Farm Physics vs. Farm Physiques

Farm Physics vs. Farm Physiques

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Seventh graders from the Elementary School at Chewonki explored physics last week when they visited Salt Marsh Farm to study simple machines and Isaac Newton’s three laws of motion. Our Suffolk Polk draft horse, Bob, and Farm Manager Megan Phillips led the lessons, demonstrating how farmer and animal use muscle; body position; harness; and machinery to exert force against mass and weight and counteract friction and inertia.  

The students had been learning about physics in class with their teacher, Annie Nixon, and the theories came to life when students tried pulling a log, a forecart, a cultipacker, a plow, and a disc harrow.

Students watched Bob tug a big log attached to his harness, first with a short chain and then with a long rope. At first, Bob “sacrificed speed for power,” as Phillips put it, lowering his head, leaning forward, and moving his feet quickly to overcome friction and accelerate the log forward. A long rope (or “effort arm”) connecting the horse and the log made it easier for Bob to overcome resistance and get the log in motion.

Later, Phillips gathers the students around the disc harrow. “Where on this piece of equipment do you see ‘simple machines’?” she asks. The seventh graders step forward to point out a screw, a lever, and a wheel and axle, all of which will help the disc harrow move through the soil when external forward force is applied.

“How many seventh graders does it take to pull the disc harrow?” Phillips asks. The students are unsure but there is one way to find out. “You’ve got to be in good horse position to do this,” she tells them. “What forces make it hard to get harrow rolling?” “Friction,” says one. “Weight,” another student offers. One, then two, then many students together try to pull the heavy equipment forward.

After the students try moving the disk harrow, the plow, and a couple of other pieces of equipment, Phillips, Nixon, and one girl hook the plow to Bob, who pulls it through the heavy, wet, spring soil. Students note how he accelerates once he gets the plow going and then slows the plow as he moves downhill, widening his stance, leaning his head and neck back, and pushing his legs back against the unbalanced force of the plow’s forward motion.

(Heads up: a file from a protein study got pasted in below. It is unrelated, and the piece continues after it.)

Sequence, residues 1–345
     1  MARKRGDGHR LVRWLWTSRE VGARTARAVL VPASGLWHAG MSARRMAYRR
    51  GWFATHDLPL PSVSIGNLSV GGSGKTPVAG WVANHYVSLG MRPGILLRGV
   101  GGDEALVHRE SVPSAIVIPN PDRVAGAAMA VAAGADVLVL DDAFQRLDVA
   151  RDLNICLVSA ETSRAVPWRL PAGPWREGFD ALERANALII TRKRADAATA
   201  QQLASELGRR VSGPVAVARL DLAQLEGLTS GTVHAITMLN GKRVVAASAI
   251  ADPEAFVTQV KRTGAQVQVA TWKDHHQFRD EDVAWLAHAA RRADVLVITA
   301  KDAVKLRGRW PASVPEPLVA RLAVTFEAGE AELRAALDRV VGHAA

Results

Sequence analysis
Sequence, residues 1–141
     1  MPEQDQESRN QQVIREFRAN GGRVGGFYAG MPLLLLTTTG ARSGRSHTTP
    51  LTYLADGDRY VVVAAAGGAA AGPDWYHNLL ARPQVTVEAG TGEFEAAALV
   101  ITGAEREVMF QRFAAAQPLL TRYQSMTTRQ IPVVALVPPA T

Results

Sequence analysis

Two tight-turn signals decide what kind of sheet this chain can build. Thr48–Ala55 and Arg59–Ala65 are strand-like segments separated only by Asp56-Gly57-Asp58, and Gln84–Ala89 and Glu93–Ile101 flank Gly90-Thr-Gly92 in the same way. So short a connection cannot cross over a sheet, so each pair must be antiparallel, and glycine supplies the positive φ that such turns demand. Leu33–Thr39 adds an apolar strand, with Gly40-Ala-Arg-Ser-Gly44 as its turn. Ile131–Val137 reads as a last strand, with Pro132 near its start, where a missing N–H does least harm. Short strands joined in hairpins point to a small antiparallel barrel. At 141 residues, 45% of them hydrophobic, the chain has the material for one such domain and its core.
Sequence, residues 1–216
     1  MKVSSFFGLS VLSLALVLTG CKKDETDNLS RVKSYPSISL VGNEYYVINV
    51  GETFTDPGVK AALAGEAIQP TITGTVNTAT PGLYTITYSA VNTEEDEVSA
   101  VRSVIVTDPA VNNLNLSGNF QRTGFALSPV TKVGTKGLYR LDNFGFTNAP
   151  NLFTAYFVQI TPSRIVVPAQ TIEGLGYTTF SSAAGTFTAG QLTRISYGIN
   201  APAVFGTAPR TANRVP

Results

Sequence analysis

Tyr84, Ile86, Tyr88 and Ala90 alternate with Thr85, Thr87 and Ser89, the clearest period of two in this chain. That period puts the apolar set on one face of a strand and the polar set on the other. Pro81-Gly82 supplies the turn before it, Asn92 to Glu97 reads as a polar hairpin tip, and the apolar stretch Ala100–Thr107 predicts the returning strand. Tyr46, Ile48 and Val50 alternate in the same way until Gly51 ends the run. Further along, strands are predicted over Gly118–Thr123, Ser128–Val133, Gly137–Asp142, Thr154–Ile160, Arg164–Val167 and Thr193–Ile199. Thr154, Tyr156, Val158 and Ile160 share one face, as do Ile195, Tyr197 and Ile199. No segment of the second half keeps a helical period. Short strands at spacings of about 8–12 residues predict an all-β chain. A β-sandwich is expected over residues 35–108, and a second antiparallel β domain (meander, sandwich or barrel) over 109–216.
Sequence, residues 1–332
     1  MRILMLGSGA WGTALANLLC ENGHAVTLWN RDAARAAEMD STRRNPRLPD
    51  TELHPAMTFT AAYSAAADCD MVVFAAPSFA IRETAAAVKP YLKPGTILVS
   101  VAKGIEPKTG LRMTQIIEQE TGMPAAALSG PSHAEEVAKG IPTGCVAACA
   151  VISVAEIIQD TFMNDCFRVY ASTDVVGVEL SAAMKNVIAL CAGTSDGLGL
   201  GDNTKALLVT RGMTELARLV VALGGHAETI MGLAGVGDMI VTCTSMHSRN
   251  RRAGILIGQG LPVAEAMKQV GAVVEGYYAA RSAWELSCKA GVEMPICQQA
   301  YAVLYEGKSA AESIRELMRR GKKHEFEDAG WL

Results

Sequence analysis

Annie Nixon, the teacher of grades 7 and 8, described the experience: “We were fortunate enough to apply our physics learning at the farm. Megan spent time with us over three days, discussing simple machines and Newton’s three laws of motion as they apply to the farm. Students took an inventory of simple machines around the farm, and then we learned about the first- and third-class levers in the bone and muscle structure of Bob, the draft horse. Megan shared with us how to tell if a horse is working hard, utilizing speed or power.

“We then looked at the horse-drawn farm equipment and discussed whether each implement would require more power or less depending on the amount of friction and resistance that the equipment would make when pulled.

“Next, students tested out their hypotheses by using one seventh-grade student as the unit of measure. They tried to pull the implement, adding students to increase the effort (power) when needed, and some of the results surprised them!

“After the students pulled the implements, Megan hooked Bob up and we all observed his graceful and powerful strength as he dropped his head and leaned into the harness, transferring his push effort into a pull of the implement behind. This hands-on learning was absolutely engaging! We are so grateful for Megan’s time and expertise.”

“The end result: it takes all eight seventh-grade students to pull the plow 10 feet in a garden plot, but only one (moderately working) draft horse to do the same thing.”